Monday, October 11, 2010

A Walk in the Park.

If there's one thing I miss in New York City, it's nature. But that was before I discovered two things: The Ramble and The North Woods.

I started my day in a conference room of the Hilton, in Midtown Manhattan. I dropped off a few resumes, met a few people, wowed onlookers at a voiceover academy booth, and entered in a couple free raffles for a free set of headshots and other assorted goodies. After picking up an inside tip on a work-exchange deal with one particular class, I headed out into the street, a couple hours earlier than I'd expected to finish.

There was a big street fair with food from all over the world. Tacos, Kebabs, and more. I spotted a sign for Colombian arepas, but, they were five dollars. To anyone who's been to Colombia, that's a bit like charging five dollars for a bagel with cream cheese. I passed. I turned uptown and started walking, towards Central Park.

I was at 55th street. Central park runs from 59th st at the downtown end to 110th at the uptown end. I'd never walked the full length of the park before. I had a few hours free. So I decided to go for it.

At first, it was the central park I'd seen, up to this point. Clipped grass, trees placed strategically, tourists and street performers walking concrete paths, and the occasional statue. But once I got a little ways past the boathouse, I passed a sign warning of rabies and animal bites, and I was in the woods. That was The Ramble.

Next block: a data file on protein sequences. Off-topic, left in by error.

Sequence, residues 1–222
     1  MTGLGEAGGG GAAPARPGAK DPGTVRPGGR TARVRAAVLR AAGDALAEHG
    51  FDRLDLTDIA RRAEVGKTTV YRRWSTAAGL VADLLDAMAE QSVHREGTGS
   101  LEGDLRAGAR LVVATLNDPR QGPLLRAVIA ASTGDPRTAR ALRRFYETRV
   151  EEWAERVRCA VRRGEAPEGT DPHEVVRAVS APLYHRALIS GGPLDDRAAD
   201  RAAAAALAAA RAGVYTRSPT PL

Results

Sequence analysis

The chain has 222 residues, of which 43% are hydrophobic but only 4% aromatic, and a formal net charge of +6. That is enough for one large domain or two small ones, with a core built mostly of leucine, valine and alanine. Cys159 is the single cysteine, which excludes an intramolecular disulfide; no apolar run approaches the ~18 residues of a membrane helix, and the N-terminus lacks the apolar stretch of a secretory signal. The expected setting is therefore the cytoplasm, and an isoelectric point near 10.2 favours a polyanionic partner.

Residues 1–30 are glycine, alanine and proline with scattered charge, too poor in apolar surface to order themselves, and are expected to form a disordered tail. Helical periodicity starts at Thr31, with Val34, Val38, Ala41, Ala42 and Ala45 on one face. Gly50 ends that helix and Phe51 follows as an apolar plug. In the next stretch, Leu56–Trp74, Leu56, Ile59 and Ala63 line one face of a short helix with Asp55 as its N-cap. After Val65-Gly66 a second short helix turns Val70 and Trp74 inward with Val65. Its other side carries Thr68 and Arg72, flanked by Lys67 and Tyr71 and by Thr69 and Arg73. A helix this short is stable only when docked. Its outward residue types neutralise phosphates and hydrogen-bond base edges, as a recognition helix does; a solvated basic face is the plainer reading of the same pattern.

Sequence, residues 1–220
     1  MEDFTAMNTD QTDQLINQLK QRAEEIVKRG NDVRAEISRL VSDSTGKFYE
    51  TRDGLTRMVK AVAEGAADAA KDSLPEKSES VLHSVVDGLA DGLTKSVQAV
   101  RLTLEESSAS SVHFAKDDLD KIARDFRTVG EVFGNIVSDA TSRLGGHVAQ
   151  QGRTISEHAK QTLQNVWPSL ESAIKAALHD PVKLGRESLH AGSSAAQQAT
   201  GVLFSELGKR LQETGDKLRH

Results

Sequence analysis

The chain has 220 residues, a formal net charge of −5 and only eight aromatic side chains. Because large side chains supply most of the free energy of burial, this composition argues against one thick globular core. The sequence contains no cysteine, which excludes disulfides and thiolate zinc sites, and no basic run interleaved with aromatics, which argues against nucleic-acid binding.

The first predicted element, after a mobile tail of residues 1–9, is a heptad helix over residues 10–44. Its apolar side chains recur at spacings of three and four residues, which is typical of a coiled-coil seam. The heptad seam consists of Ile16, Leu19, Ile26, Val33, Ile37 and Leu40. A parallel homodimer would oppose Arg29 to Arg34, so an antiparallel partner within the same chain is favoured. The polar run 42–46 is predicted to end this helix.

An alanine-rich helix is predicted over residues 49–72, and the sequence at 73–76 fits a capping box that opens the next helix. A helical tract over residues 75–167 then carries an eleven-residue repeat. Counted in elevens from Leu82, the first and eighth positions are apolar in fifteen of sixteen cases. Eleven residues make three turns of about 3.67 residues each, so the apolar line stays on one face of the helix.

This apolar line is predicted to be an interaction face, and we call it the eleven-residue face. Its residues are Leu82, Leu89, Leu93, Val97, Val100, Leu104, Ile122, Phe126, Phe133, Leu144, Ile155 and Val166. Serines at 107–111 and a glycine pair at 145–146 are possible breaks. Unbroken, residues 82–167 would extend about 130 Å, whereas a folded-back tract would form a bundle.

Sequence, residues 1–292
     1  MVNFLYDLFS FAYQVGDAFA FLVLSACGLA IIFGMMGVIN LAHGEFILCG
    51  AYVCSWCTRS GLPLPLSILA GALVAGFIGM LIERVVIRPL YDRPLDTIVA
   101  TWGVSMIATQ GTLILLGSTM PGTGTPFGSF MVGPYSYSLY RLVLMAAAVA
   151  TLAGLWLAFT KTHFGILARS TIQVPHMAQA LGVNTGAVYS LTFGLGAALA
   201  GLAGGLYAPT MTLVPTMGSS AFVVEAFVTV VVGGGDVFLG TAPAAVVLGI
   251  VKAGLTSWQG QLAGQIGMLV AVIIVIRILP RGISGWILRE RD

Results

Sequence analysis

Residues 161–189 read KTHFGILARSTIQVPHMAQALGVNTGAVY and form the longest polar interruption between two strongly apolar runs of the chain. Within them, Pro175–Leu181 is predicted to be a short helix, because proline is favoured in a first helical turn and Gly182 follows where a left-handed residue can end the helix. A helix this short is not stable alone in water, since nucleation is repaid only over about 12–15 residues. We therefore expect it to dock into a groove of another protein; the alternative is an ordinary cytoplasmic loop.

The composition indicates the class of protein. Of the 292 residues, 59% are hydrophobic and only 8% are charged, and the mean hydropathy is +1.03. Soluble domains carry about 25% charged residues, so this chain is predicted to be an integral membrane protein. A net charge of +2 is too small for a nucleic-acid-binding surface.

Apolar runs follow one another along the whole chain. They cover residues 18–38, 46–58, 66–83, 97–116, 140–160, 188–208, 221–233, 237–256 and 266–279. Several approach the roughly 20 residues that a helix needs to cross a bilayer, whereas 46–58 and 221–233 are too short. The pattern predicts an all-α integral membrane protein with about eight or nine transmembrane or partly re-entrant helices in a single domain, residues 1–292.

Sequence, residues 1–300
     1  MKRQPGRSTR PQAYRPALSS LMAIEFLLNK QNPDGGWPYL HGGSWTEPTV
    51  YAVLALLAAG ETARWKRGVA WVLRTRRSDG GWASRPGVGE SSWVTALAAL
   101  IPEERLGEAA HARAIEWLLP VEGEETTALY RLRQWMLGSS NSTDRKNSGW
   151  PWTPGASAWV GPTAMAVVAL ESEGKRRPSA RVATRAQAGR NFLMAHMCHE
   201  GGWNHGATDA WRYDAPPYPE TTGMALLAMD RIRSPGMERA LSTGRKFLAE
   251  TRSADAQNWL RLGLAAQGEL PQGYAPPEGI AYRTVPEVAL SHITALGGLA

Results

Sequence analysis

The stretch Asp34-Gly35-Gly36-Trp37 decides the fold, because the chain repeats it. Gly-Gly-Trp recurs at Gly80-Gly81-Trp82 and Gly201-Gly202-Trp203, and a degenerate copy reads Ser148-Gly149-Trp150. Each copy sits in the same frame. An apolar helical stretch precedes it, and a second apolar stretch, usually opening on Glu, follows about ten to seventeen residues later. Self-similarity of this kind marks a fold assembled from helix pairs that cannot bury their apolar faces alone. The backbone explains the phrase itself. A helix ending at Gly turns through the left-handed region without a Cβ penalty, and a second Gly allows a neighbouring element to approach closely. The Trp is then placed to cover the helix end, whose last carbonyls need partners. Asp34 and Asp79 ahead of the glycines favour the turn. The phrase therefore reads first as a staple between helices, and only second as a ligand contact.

It's not a hiking trail in the Pacific Northwest, but it was the closest I'd seen in months. According to signs I passed, it's some of the best bird watching space in the country. If the quiet older couples with camera lenses the length of my forearm were anything to go by, it lives up to its reputation. It's a woodland space of dirt, animals, birds, and plants that naturally grow there, instead of being planted by blueprint. Feeling my feet walk on uneven rocks and roots made me feel much more at home than the smooth concrete paths ever did.

The North Woods were the same way. There's a hidden entrance near the northern baseball fields. A dip into the landscape takes you into a small tunnel, echoing with burbling water. On the other side is a small forest with a wood-chip and rock path next to a stream. And the leaves are just now starting to change color.

Two hours after I'd first entered the park from midtown Manhattan, I was out again in Harlem. I needed to swing by my place before heading to a housewarming party in New Jersey. The same party where I would later get a phone call telling me I'd won the raffle for those headshots.

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